With November almost over and the official end of the Atlantic hurricane season nearing, AccuWeather meteorologists continue to monitor an area of disturbed weather over the middle of the ocean that could become the next named storm of the 2020 season.
This year's hurricane season has been not only hyperactive when compared to normal, but also a record-breaker. The 30th storm of the season was Iota, which charged into Nicaragua on Nov. 16 as a Category 4 hurricane with 155-mph winds. However, since Iota dissipated over Central America, tropical activity has slowed considerably across the Atlantic basin.
Despite the late-season doldrums, forecasters remain focused on the possibility that another storm could take shape over the central Atlantic in the near future.
This image, captured on Sunday, Nov. 29, 2020, shows a weak disturbance several hundred miles east of Bermuda. (NOAA/GOES-East)
A specific disturbance that forecasters have been watching closely over the last several days is located several hundred miles east of Bermuda.
This disturbance has all-but missed its chance to strengthen so far this weekend and continued to remain disorganized through the first half of the holiday weekend. There remains a slight chance this disturbance is able to pull itself together on Sunday, but the window of opportunity for this to occur is nearly closed.
"It is not completely out of the question that the tropical disturbance well to the east of Bermuda could become a subtropical or even tropical depression before the end of November," said AccuWeather Meteorologist Mary Gilbert. "However, it is more likely that this disturbance will fizzle out by the end of this weekend."
A subtropical system has both tropical and non-tropical characteristics. Subtropical systems may draw a considerable amount of dry air into their circulation and may be more spread out in nature, when compared to tropical systems and may have a poor structure overall.
At present, AccuWeather meteorologists believe the chance of the disturbance becoming a tropical or subtropical depression has decreased to about 10%, but that could change as the weekend progresses.
"Wind shear is forecast to increase where the system is expected to track, which would cause it to weaken or prevent it from forming if it misses its chance in the coming days." said AccuWeather Senior Meteorologist and Lead Hurricane Expert Dan Kottlowski.
Wind shear is the increase in strength or change in direction of breezes from near the sea surface to high in the atmosphere and/or the same in the horizontal through the atmosphere. Strong wind shear can prevent a tropical system from forming or cause an established tropical system to weaken.
Whether a defined tropical feature forms or not, strong westerly winds would likely keep any system that forms so far out in the Atlantic away from North America, preventing any impacts from reaching land.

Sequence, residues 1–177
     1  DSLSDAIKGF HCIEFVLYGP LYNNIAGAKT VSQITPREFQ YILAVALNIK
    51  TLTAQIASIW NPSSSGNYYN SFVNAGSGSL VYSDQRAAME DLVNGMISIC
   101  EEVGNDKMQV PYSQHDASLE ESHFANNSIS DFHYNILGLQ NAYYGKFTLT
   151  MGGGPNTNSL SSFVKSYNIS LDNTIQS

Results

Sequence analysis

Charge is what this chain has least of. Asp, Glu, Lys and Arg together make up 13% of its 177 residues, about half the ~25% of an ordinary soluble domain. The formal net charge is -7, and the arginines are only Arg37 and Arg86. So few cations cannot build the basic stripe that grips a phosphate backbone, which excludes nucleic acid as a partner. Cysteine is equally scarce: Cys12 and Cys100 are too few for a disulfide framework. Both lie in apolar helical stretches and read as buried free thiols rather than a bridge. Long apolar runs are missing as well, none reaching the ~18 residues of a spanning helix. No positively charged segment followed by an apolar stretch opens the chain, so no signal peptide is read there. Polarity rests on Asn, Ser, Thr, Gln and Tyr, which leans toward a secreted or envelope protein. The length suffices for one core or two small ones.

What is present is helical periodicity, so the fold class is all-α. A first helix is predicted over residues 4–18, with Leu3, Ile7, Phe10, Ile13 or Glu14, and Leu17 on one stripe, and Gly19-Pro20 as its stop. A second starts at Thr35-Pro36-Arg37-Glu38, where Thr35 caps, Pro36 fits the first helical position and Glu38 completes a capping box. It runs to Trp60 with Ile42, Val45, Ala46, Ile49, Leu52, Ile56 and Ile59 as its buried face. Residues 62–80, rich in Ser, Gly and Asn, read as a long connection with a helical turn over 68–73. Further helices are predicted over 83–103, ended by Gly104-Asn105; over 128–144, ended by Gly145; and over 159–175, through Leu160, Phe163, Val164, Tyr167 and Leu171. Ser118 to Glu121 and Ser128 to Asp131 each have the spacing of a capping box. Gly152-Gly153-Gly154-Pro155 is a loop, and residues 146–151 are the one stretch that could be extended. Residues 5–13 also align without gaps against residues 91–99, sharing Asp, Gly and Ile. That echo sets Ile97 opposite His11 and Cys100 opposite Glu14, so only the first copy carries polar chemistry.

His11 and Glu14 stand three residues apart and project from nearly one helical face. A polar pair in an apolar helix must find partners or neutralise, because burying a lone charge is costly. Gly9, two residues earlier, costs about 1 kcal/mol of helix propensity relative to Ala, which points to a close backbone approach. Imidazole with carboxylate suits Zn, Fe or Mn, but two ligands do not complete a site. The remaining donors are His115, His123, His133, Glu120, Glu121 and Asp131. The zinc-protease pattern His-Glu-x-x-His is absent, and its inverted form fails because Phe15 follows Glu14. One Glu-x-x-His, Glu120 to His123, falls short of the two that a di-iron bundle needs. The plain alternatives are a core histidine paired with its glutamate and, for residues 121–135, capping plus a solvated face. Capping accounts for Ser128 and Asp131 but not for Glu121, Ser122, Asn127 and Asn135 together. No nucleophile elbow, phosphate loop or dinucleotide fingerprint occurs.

AccuWeather meteorologists are also keeping an eye on two other possible development areas for next week. One system may evolve northwest of Africa early in the week and the other could pop up over the southwestern part of the Caribbean Sea, near the coast of Central America during the middle or latter part of the week.
These disturbances have a low possibility, 30% or less, of developing into defined systems at present, but if conditions change, the risk of development may increase or decrease.
The next names on the list of Greek letters being utilized this season are Kappa, Lambda and Mu.
The 30 named storms thus far during the 2020 Atlantic hurricane season shattered the previous record of 28 storms from the notorious 2005 hurricane season, which produced storms such as Katrina, Rita and Wilma. In addition, another record was set this season with 12 named storms making landfall along U.S. coastlines. Five of those landfalls were in Louisiana.
Should a depression form in the area southeast of Bermuda later this weekend or at some other point in the Atlantic in the weeks ahead, 2020 would be in sole possession of the record-high number of tropical depressions, surpassing 2005's count of 31. The 2005 season also holds the record for hurricanes with 15 and major hurricanes (Category 3 or stronger) with seven. So far in 2020, there have been 13 hurricanes with six of those reaching major hurricane status.
The season will officially conclude on Nov. 30, but forecasters caution that it's not unrealistic that a post-season storm could form in December. In the 2005 season, there were two named systems that roamed the Atlantic in December, including one, Epsilon, that became a hurricane.
Even if a storm forms after Nov. 30 through the end of Dec. 31, it would be considered to be part of the 2020 Atlantic hurricane season.
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